Human & Animal Health

Engineers Invent Machine to Shake up UC Davis’ COVID-19 Testing

UC Davis engineers have invented shaking and inversion machines that are a critical part of the UC Davis Genome Center’s award-winning asymptomatic COVID-19 testing. These machines, designed and built by biological and agricultural engineering (BAE) development engineer Dennis Sadowski, professor Stavros Vougioukas and postdoctoral researcher Zhenghao Fei in just six weeks, help treat saliva samples so they can be tested for the virus.

Researchers Identify a Potentially Safer Approach to Opioid Drug Development

Opioids are powerful painkillers but their use is hindered because patients become tolerant to them, requiring higher and higher doses, and overdoses can cause respiratory depression and death. A recent study from researchers at the UC Davis Center for Neuroscience contradicts existing thinking about how opioid drugs cause tolerance and respiratory depression, and suggests a new, balanced approach to developing safer analgesics. The work was published July 13 in Neuropsychopharmacology.

Evolutionary Thinking

We watch a ball as it falls into our glove. We hear a strange sound in another part of the house and listen intently. In neuroscience, the act of narrowing our senses in response to an environmental event is called “attention,” and it is understood that when we attend to a stimulus, we lose the ability to focus on other surrounding inputs.

Interrupting the Development of Cancer Cells

Think of chromosomes as nature’s shoelaces. Built from DNA, these thread-like structures carry and ferry the genetic information necessary for life. To maintain genetic integrity, chromosomes possess protective structures located at their ends called telomeres. These telomeres are like the plastic tips of shoelaces, preventing the genetic thread from unraveling as cells continuously divide.

UC Davis Receives $15 Million Grant to Study the Effects of Maternal Infection on Risk for Psychiatric Illness in Offspring

The National Institute of Mental Health (NIMH) has awarded a $15.7 million grant to the UC Davis Silvio O. Conte Center, one of only 15 Conte Centers nationwide.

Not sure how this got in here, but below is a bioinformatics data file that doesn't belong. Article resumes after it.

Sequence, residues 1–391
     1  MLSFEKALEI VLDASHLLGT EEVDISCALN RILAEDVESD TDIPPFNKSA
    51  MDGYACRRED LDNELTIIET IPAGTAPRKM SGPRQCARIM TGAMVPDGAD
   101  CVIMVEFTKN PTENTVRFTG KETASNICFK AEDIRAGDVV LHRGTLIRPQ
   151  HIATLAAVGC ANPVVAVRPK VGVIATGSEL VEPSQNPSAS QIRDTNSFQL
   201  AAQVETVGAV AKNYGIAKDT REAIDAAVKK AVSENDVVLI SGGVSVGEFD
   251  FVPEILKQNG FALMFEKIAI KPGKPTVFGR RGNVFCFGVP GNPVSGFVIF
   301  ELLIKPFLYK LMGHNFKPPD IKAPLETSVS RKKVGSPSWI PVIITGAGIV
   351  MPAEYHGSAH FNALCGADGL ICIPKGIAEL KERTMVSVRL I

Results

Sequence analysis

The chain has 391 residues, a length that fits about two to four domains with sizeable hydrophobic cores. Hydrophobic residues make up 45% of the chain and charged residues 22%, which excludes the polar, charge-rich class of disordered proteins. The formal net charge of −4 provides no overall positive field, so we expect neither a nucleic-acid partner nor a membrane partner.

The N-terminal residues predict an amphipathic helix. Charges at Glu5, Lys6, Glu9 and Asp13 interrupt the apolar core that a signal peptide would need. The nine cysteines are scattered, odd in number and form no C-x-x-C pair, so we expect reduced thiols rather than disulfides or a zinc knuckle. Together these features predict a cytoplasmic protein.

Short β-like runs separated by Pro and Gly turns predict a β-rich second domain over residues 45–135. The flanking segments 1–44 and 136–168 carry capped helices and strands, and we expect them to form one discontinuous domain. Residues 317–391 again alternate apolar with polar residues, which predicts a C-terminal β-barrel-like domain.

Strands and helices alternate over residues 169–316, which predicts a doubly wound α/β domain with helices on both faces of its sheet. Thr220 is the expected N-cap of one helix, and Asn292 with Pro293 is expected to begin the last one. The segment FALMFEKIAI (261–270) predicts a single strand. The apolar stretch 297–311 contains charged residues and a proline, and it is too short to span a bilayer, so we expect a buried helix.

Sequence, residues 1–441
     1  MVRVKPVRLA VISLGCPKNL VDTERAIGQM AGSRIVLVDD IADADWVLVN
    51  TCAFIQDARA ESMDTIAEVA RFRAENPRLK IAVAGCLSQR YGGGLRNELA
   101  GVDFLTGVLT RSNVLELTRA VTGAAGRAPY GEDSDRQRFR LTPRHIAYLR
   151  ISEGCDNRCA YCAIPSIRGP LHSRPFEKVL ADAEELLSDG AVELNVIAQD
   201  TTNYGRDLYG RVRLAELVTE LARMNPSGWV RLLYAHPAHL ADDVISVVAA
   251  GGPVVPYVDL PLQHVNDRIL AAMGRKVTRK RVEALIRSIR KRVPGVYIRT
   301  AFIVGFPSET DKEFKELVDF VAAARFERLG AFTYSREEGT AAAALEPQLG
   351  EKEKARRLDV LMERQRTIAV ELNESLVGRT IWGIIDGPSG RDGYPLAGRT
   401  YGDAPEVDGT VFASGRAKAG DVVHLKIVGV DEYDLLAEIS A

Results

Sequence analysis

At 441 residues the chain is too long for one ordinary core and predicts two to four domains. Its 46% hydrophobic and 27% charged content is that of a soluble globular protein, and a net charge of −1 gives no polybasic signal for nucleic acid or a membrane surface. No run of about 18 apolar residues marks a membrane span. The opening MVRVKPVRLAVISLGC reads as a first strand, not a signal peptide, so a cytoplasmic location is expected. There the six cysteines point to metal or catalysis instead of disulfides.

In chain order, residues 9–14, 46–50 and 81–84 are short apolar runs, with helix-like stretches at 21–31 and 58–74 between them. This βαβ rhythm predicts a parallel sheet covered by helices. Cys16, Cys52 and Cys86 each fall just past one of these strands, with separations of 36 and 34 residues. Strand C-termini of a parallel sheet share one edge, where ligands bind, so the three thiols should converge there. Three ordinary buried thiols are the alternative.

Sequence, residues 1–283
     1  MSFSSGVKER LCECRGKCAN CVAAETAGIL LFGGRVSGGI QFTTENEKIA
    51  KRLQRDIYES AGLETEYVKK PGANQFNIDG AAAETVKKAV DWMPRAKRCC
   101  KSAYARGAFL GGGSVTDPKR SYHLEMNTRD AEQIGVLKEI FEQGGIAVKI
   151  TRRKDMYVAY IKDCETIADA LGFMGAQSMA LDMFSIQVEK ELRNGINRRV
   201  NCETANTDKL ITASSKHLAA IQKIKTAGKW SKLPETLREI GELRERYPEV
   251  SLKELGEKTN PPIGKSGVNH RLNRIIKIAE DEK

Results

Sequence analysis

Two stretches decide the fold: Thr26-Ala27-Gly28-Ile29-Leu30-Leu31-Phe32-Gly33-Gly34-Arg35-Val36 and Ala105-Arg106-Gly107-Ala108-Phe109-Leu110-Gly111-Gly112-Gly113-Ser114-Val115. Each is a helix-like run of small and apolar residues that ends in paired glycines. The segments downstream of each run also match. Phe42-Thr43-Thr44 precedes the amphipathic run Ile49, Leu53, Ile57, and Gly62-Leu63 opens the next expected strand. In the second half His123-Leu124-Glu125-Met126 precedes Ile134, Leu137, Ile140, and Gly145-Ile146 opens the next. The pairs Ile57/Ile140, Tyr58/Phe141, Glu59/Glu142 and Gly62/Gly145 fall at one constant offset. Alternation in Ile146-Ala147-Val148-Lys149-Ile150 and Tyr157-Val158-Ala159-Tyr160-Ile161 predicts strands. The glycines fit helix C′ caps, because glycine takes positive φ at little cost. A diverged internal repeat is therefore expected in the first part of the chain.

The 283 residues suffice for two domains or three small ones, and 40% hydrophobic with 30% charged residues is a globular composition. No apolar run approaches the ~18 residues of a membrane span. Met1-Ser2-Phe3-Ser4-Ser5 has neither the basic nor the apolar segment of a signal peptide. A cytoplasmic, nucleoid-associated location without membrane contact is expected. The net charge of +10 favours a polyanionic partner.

Psychiatric illnesses and neurodevelopmental disorders, including schizophrenia, affect 15-20 percent of the population worldwide, yet current treatments are at best only partially effective. The UC Davis Conte Center was first established in 2016 through the Center for Neuroscience to determine how maternal infection increases risk for these disorders and to identify new targets for novel treatments.

Exactly How Does an mRNA Vaccine Work?

UC Davis Virologist Samuel L. Díaz-Muñoz, an assistant professor in the Department of Microbiology and Molecular Genetics, spoke with KCRA 3 in an interview late last year about the mRNA COVID-19 vaccines being hailed as "game-changers" by the medical community.

Davis Enterprise: UCD Students Conduct Mass Testing for Class

By Julietta Bisharyan
The Davis Enterprise

With the need for mass COVID-19 testing on campus, UC Davis offers a course in which students can work at the testing kiosks and learn more about the various aspects of the virus.

The two-credit course, titled “Mass Testing for COVID-19,” or EVE 198, is managed by David Coil and led by Professor Jonathan Eisen in the evolution and ecology department in the College of Biological Sciences.

Science Snaps: Neuroscience Graduate Group Student Jaleel Jefferson Explores the Pathology of Neurodegeneration

Neuroscience Graduate Group student Jaleel Jefferson investigates the neuropathology of a condition known as HIV Associated Neurocognitive Disorders (HAND), which encompasses “a spectrum of cognitive, motor, and/or mood problems” that affect people with HIV. In this Science Snapshot, he walks us through some neuronal imagery and shares some of his path to science.

Questions of Heredity: Integrative Genetics and Genomics Ph.D. Student Marwa Zafarullah Wins Emmy Werner and Stanley Jacobsen Fellowship

Marwa Zafarullah, a Ph.D. student in the Integrative Genetics and Genomics Graduate Group, investigates the pathology of a rare neurodegenerative disease called Fragile X- Associated Tremor/Ataxia Syndrome (FXTAS). As part of her Ph.D. dissertation research, she’s developing a biomarker for the early diagnosis and progression of the disease.